Cancer Has A Way Of Deleting Everything You Could Say

Gabriel Garcia Marengo
Gabriel Garcia Marengo

When a parent gets cancer, you find it harder to breathe. It’s a struggle to pack up your books and exit the public place you’d been in all those minutes before knowing. You blame your coffee, you resent your homework; somehow, if you had been doing something else, this wouldn’t have happened. You split time between the now and after. You’ve heard of that sort of time slicing before, but now you understand that it really can be done, without much effort of your own.

You sit in your car and decide who to call first. Friends fade away and the people you need to hear from become startling apparent. You grip the steering wheel. Your knuckles turn white, and you realize just how young you are, and just how old your parent is. You call the number and let the torrent of your words stop the friendly greeting. If there is silence on the other end of the line, you ask, “what do I do”, because at this point, all rational thinking has subsided. You wonder if you can drive. They ask you if you can drive. You say yes, and hang up abruptly. You wonder if you can bear to call the other parent and hear the news again, staining their voice, hearing them being brave for you. You honestly don’t think you can talk to the parent who has cancer. Bravery is not what you want from them.

You drive over to your friend’s house and you are shaking. There is blood in your cheeks, and you glance at yourself in the rear view mirror and your eyes are wide, yawning things. Swallowing becomes difficult. Your face is already splotchy with tears and you don’t even bother to brush them away. All you can do, now, is to drive in a straight line. Focus. Focus. Focusing.

You’re greeted with a hug and you cling on to that person. You really cling—pressing yourself into another life that doesn’t have the problem of cancer. You feel them, and they hold you tight, and this is the first time in your life that you’ve ever been truly held. The holding, it’s far more than the physical. It’s the emotional outpouring. It’s the wet tears and the way they grip you so hard and the way you grip them back. It is a silent thing, for a minute. You don’t talk, and they know not to talk, either.

Cancer has a way of deleting everything you could say. What is there to say, exactly? Their body is dying. But you don’t want to think about an end result, yet. Cause and effect doesn’t apply right now; you’re still grappling with the reality of the matter. You aren’t articulate, or brave, or clear-eyed. You sit on the floor and wrap yourself up into your arms and knees and bite down onto your hand.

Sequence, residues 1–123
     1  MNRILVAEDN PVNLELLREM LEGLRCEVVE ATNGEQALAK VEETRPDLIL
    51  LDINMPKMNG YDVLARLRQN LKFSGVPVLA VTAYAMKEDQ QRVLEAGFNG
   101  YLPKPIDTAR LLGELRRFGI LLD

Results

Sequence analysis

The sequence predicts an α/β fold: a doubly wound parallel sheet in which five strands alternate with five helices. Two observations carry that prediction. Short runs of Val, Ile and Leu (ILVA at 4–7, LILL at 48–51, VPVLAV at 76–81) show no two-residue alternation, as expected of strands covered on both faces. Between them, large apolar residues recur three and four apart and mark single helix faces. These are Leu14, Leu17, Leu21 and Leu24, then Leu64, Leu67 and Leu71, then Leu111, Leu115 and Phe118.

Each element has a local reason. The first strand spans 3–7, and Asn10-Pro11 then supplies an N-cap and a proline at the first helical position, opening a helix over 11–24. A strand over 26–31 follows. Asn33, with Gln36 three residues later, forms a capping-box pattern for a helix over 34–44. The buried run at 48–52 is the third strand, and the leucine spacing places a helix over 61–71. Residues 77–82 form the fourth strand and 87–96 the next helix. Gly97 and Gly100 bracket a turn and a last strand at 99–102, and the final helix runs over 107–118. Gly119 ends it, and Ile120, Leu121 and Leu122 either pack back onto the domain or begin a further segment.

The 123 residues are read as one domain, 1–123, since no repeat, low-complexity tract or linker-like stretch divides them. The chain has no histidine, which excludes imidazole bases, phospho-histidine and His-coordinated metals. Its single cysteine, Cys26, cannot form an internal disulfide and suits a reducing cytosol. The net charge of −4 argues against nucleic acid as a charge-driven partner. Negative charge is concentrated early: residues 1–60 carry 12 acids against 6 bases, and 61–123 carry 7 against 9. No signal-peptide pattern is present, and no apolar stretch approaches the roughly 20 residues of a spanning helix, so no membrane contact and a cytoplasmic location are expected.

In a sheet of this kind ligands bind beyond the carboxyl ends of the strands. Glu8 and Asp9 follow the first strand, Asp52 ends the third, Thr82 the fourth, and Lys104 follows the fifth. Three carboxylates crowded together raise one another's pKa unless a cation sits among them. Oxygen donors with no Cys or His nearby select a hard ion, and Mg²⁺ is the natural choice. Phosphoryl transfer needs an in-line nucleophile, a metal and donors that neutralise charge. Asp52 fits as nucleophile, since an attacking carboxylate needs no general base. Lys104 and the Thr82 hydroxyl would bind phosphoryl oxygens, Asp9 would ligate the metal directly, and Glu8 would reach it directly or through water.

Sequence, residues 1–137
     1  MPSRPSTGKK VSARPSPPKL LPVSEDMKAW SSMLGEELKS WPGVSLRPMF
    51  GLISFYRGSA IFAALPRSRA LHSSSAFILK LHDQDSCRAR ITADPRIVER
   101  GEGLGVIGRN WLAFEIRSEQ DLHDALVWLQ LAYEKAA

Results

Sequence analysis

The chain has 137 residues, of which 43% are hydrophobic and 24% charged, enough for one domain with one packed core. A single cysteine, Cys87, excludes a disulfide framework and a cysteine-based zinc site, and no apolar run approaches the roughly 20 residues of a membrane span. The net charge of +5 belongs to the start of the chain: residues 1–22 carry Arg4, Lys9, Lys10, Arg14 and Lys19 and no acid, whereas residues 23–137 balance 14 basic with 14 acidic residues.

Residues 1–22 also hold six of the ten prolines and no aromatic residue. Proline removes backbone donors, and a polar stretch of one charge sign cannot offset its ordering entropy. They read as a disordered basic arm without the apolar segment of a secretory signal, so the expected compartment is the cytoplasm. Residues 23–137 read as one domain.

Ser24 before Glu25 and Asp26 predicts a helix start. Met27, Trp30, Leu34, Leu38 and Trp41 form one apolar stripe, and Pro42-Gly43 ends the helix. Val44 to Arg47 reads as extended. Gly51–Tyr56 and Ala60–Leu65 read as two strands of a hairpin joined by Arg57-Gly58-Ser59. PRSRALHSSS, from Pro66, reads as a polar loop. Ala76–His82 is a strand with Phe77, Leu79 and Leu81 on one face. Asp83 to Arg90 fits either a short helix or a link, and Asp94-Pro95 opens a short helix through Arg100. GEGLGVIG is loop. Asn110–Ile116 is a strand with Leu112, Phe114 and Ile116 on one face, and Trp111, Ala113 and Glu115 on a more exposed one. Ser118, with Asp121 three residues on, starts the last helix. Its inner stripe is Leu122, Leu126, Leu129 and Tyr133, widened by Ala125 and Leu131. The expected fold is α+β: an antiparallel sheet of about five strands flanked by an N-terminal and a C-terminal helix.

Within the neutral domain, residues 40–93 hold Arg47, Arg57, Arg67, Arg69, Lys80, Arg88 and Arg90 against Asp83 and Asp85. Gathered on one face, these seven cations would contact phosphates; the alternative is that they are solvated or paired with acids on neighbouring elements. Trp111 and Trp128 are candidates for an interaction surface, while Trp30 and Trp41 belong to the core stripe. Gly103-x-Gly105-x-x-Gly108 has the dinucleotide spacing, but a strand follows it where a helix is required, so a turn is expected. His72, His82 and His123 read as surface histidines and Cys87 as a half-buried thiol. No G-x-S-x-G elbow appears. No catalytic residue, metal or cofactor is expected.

Your mind begins to go places it shouldn’t yet; there’s a time and a place for everything during cancer. The right now becomes far more crucial during cancer. Essentially, this is all you have. The second, minute, the way you react to the small things. The big things come later. If you can teach yourself the small things, the larger things might be easier.

A few days pass, and there’s a weight in your heart. Sometimes you forget, and wonder why you feel the way you do. This is usually in the middle of the night. You’ve cried out half yourself at this point, and don’t see the point in it anymore. You begin to view bodies scientifically. You read essays about cancer patients. You recall all of the horror stories you’ve heard about the disease. Cancer becomes an entity, now, in your life. It is not a disease, but a being that happens to people. That happens upon them, and it’s a senseless and mean thing. It isn’t a movie plot, like it’s always been to you. It’s the right now and the gist of the matter.

You forget. You have more wine during the evenings. You think about reckless things. You realize they don’t matter as much, and you let yourself off the hook for a while. You don’t “do” school anymore. You call your parents more than you have in years. You cry on the phone and become embarrassed. You watch sad movies, and you go out often. You don’t know whether to talk about it or not. You haven’t figured out whether it helps to put the thing in words. People ask, and you thank them, but you know there’s not anything to make this better, or bearable. It’s just there. You live. You live a little more sloppily, and you hurt.

You get used to heaviness. You begin to enjoy things again and you know that’s a good thing. Sometimes, there’s guilt over it. Sometimes, you think you’re a really bad person. But you keep on living, and eventually, you accept it. And there is always hope. It’s not a transcendent thing. You’re never much cheered by the hope, but you appreciate it all the same. You take comfort in the fact that it’s still stuck around in the end.

You find yourself bartering with God. You make promises you know you’ll never keep and you realize there are so many other people with the same thing happening to them, and you feel less lonely and less inclined to ask for help.

And then, somehow, they’re coming home. They are paler, smaller, older: they are a new person, still sick and weak, and they stay in bed for hours at a time. You are quiet around their door, and find yourself silently blessing their sleep. You are shy, too. You are re-introducing yourself to them. And they know so much more than you, now. But there they are, finished with it all and just waiting to hear if it worked, and you smile. They try a smile too; you guess it’s a rare thing, and you appreciate it all the more. It’s the small things, now. It’s the day by day and waiting and the patience. It’s beauty of the human condition in all of its terrible fragility, and surprising strength. Thought Catalog Logo Mark

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